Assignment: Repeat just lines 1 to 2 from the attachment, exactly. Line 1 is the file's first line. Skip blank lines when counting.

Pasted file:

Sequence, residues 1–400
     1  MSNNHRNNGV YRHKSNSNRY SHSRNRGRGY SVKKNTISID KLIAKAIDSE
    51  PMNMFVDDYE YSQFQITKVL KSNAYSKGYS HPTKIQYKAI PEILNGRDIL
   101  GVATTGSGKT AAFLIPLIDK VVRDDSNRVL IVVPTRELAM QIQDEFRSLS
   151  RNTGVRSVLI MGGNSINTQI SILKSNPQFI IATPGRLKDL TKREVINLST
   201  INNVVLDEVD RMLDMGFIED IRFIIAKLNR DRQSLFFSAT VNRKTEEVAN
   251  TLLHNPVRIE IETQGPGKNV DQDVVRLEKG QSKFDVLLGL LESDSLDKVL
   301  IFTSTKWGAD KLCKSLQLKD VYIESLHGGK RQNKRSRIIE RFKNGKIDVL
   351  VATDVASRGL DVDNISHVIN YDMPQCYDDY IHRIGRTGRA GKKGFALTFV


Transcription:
Sequence, residues 1–400
     1  MSNNHRNNGV YRHKSNSNRY SHSRNRGRGY SVKKNTISID KLIAKAIDSE